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As a long-time instructor of all things standardized testing (GRE, GMAT, LSAT, SAT), I love reading books about math, logic, learning, skill acquisition, neurology, and psychology. Is important to me to stay up-to-date with anything that will help my students use their study time effectively. In this blog series, I’ll be bringing you book reviews and recommendations, as well as excerpts and summaries you can put into practice right away on your GRE journey.
I really like Barbara Oakley’s A Mind for Numbers: How to Excel at Math and Science (Even if you Flunked Algebra). I recommend it to anyone starting his or her GRE journey, and anyone stuck, frustrated, or overwhelmed by a big stack of GRE books and limited time. Even though A Mind for Numbers has math and science in its title, it’s really about learning any subject or skill. With little effort, you can apply Oakley’s lessons to both Quant and Verbal on the GRE or pretty much any subject–even outside physical or creative efforts.
What you won’t get in this book
You won’t get specific math lessons. Oakley occasionally hints at math and science concepts, but usually to illustrate a point about how to create Mnemonic devices or structure your study. A Mind for Numbers is more of a user’s manual for whatever textbook you happen to have in front of you. You’ll find that her book dovetails very neatly with our ManhattanPrep Strategy guides, for instance, or any book that illustrates a concept with problem sets at the end of every chapter.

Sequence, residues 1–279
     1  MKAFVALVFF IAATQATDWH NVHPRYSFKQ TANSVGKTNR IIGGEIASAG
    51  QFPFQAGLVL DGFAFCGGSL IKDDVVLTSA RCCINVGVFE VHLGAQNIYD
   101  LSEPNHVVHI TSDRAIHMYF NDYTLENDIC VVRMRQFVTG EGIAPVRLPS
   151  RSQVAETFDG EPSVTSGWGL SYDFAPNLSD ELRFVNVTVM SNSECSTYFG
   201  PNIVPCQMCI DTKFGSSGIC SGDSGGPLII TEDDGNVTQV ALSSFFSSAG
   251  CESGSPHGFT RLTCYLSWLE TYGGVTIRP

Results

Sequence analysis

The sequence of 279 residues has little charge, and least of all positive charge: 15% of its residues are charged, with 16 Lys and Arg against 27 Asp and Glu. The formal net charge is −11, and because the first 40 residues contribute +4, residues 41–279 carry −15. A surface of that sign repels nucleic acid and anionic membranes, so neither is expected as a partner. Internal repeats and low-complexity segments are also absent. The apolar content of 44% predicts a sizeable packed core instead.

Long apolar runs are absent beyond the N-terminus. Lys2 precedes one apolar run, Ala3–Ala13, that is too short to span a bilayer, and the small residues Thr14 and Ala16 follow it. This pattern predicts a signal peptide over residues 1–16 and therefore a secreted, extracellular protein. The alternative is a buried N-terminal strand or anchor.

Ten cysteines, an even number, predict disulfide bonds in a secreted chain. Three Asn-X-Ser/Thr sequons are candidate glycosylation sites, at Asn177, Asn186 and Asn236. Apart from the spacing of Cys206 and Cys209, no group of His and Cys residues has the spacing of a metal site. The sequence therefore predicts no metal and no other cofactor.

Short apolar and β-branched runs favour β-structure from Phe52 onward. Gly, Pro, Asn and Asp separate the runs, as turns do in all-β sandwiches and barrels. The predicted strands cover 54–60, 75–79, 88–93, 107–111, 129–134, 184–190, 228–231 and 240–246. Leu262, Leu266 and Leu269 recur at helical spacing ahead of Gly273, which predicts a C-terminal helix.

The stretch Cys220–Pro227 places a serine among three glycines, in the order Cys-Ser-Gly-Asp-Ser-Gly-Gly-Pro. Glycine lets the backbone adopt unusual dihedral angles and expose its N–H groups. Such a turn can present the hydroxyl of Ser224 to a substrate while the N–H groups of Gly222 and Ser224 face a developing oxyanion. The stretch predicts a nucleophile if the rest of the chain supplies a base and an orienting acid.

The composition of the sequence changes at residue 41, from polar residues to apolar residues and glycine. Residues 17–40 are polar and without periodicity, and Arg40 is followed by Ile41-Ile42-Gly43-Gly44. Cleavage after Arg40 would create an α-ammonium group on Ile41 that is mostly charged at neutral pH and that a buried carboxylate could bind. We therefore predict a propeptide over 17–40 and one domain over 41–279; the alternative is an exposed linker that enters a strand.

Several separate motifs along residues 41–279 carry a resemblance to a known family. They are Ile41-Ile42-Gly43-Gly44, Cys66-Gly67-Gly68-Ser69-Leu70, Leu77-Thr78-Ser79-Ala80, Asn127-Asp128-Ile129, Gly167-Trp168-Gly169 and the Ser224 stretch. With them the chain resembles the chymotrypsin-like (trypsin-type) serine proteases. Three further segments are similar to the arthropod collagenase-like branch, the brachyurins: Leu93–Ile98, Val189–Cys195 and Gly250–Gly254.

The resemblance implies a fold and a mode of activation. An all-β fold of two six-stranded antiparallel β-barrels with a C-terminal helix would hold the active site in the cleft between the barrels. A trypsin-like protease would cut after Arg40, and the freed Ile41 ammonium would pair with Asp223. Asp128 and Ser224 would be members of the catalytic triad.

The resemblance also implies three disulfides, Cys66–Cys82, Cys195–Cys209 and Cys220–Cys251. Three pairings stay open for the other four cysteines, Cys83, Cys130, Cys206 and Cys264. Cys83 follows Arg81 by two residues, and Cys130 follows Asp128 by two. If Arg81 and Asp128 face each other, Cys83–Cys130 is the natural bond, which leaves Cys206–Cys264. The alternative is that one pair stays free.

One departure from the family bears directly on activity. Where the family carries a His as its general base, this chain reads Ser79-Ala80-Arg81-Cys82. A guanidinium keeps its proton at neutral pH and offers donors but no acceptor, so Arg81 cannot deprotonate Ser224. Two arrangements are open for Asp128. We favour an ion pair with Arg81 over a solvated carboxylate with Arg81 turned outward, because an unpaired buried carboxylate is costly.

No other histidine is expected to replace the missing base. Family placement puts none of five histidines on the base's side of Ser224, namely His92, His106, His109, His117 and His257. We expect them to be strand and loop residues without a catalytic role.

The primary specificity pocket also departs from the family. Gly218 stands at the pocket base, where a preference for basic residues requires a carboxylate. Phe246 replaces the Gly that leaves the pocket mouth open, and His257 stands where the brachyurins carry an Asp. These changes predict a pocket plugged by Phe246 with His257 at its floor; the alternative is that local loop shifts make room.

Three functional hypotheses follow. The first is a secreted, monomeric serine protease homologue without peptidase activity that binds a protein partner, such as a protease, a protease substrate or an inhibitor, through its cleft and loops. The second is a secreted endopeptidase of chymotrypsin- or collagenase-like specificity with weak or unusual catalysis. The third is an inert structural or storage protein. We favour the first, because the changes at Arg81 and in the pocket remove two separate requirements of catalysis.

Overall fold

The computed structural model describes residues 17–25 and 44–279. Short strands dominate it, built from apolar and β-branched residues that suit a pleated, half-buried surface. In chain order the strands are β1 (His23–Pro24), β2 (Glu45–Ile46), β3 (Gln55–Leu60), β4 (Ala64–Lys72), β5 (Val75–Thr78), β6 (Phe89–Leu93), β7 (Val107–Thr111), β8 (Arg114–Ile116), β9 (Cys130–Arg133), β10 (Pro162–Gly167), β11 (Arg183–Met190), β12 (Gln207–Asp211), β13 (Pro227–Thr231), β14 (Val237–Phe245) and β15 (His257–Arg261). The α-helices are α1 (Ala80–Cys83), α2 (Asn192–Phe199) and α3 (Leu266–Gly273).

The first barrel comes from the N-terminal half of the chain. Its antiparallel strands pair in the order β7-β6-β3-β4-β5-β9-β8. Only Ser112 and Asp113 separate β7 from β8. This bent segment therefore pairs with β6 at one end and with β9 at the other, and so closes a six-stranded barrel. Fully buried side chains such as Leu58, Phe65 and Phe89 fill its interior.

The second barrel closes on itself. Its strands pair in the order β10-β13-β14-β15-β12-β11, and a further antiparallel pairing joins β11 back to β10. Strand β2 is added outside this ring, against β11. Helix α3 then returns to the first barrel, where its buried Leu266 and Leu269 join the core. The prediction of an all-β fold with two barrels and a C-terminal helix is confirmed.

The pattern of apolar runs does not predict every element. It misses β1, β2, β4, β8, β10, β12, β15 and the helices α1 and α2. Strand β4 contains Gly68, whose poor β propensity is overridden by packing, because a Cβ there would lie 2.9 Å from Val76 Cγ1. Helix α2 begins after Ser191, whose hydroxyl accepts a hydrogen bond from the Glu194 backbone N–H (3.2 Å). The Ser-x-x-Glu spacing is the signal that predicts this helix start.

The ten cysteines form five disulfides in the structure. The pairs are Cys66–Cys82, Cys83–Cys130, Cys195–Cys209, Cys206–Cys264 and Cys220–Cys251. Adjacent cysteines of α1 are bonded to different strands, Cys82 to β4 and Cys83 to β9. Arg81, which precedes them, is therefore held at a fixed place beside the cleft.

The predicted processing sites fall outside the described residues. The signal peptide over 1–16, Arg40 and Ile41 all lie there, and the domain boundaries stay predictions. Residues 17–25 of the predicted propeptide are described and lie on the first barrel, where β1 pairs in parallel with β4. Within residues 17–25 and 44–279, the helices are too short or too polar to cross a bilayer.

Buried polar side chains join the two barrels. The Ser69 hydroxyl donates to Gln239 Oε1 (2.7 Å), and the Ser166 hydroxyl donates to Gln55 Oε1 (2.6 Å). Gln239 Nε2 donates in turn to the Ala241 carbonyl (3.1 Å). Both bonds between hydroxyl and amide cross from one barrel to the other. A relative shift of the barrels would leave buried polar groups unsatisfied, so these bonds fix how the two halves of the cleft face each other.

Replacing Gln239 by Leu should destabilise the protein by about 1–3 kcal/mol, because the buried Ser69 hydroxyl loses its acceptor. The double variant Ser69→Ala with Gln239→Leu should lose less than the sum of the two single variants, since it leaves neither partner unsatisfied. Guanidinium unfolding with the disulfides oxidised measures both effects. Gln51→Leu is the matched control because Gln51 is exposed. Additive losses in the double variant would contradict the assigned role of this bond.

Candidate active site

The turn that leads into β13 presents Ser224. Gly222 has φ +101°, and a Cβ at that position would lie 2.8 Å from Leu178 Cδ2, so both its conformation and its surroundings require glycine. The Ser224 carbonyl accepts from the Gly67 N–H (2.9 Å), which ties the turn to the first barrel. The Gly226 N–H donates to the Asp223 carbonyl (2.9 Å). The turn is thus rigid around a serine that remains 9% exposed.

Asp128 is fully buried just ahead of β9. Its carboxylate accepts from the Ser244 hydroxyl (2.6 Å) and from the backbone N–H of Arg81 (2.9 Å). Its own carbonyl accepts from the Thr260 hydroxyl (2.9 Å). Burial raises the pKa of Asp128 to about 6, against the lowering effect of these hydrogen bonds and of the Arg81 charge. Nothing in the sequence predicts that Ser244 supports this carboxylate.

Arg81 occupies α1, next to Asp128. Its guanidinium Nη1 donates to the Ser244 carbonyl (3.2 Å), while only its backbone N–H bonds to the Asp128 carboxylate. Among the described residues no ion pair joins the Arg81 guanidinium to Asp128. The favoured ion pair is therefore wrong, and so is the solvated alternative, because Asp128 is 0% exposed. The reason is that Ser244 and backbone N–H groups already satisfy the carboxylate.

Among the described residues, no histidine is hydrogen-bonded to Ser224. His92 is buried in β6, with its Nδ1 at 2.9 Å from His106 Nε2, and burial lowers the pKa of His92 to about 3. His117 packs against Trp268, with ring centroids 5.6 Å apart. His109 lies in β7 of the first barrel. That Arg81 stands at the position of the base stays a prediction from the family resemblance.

What you will get in this book
You will get some very clear, actionable lessons about learning: structuring your study, creative problem solving, building your memory, and overcoming procrastination. At first, you may be a little skeptical about some of the analogies she uses (Pinball Machine? Brain Octopus? Zombies?) but Oakley, to her credit, has done her homework and backs up her ideas with the latest published research. [Too often, books about learning are full of clever-sounding ideas that have no basis in empirical science. Remember that trend about “visual” vs. “kinesthetic” learners? It turned out to be unscientific bunk.]
If you’ve always been good at studying and learning, you can get away with sticking to GRE-specific material, but if you’ve ever struggled with learning or if you’re prone to procrastination, this is a great book for you. I wish I’d read this book when I was in 8th grade. I might have had a much easier time in high school.
Focus vs. Diffuse Mode
Here’s a cool concept that you can use from the book: In the opening chapters, Oakley makes a great distinction between two modes of thinking, which she terms “focused” and “diffuse” modes. “Focus mode” is the kind of thinking you do when you study intently — when you really zoom in to solve GRE problems, especially on test day. According to Oakley, “Focused-mode thinking is essential for studying math and science. It involves a direct approach to solving problems using rational, sequential, analytical approaches.”